Referring to the top of FIG. 6, after selecting a suitable substrate (e.g., either rigid or flexible and made from one of silicon, metal, glass, plastic, or any other suitable material that can withstand the temperatures of approximately 200° C.), an optional dielectric layer is formed (block 205). If a conducting material is used for the substrate, such as doped silicon substrates or metal substrates, then the substrate should include a thin insulating layer on the upper surface in order to isolate the gate electrodes from the substrate. For instance, a silicon wafer could have a thin layer of oxidization or nitride on the upper surface as an insulator. For a metal substrate, a thin inorganic insulating layer, such silicon oxide or silicon nitride, or a thin organic insulating layer, such as polyimide, may be used. Such thin organic insulating layers may be deposited on the surface by using well known sputtering, chemical vapor deposition, or solution deposition method. The insulating layers described above are for descriptive use only, and other insulating layers may also be used.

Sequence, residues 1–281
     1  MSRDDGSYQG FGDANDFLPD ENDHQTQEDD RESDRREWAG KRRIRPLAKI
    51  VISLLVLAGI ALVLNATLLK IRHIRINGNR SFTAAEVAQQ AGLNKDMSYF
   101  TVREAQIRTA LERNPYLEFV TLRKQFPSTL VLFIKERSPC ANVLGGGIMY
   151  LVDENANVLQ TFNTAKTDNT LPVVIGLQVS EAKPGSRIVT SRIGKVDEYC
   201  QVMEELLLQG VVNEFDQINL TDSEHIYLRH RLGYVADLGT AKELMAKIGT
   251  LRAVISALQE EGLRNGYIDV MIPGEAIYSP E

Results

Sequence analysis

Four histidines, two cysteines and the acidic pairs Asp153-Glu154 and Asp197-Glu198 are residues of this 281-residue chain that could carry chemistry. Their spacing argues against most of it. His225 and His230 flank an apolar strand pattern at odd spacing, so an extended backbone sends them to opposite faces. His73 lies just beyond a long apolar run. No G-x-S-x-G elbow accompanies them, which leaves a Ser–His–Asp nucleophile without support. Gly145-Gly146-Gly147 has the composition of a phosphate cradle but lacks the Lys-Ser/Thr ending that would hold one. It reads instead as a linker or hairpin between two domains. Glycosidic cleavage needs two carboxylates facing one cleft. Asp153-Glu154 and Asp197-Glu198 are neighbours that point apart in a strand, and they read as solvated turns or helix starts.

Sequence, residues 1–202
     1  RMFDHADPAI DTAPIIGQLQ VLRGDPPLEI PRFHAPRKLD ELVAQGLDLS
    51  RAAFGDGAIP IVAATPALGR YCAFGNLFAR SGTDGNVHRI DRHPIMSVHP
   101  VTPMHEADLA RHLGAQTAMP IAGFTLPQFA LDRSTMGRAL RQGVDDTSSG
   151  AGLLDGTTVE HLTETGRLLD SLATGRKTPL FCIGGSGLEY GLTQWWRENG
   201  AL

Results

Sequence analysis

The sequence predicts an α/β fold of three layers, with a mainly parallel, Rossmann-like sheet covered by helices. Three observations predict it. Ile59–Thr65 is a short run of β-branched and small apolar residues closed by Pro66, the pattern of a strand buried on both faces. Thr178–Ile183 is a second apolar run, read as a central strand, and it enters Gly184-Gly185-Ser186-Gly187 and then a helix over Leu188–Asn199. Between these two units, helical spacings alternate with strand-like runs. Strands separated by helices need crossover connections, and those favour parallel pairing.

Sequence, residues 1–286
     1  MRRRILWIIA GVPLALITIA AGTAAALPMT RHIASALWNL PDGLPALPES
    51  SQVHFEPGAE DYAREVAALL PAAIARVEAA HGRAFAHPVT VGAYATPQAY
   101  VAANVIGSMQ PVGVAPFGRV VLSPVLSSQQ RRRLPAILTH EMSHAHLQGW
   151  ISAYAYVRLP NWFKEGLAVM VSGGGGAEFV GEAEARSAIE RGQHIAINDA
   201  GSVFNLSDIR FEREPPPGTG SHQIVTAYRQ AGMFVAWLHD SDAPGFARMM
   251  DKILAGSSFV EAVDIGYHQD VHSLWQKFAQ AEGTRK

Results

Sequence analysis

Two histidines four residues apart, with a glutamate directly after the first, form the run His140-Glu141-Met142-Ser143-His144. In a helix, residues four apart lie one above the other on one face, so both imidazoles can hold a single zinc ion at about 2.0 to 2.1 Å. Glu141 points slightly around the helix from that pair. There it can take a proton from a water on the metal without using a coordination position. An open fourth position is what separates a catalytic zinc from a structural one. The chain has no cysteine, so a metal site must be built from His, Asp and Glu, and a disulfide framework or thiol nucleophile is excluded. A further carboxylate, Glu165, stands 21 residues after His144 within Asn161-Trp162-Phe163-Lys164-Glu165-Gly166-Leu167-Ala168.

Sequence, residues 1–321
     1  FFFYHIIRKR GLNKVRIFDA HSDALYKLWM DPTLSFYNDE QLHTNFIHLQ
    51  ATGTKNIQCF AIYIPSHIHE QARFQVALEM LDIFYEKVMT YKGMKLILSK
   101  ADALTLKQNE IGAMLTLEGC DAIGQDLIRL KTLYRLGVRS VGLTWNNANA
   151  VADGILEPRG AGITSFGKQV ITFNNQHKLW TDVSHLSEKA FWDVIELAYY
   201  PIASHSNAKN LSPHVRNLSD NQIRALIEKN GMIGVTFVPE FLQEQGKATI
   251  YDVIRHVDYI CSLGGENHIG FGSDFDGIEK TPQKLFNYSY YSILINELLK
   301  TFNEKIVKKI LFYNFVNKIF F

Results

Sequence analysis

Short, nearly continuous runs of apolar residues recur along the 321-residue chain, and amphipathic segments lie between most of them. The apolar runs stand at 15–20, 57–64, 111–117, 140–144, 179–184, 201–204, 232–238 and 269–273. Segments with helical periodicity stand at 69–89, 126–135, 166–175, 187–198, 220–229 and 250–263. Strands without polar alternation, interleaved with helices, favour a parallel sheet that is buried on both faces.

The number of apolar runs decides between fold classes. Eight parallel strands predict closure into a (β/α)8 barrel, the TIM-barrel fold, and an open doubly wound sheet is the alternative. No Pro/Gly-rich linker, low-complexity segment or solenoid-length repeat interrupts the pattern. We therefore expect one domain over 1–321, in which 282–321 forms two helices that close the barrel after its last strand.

Gate electrode 178A and associated wordlines (e.g., wordline WL1) is then preferably formed by printing a silver-based ink using ink-jet printing techniques onto the substrate (block 210). Alternatively, gate electrode 178A and the associate wordlines could be any patterned conductive material such as a metal thin film, for instance gold, platinum, aluminum, or titanium, a conducting oxide such as ITO, or a conducting polymer such as polyaniline, and polypyrrolon the surface of the substrate. The gate electrode could be deposited by the well known methods of evaporation, sputtering, screen printing, solution dip or spin coating depending on which process is most suitable for the electrode, material and substrate being used.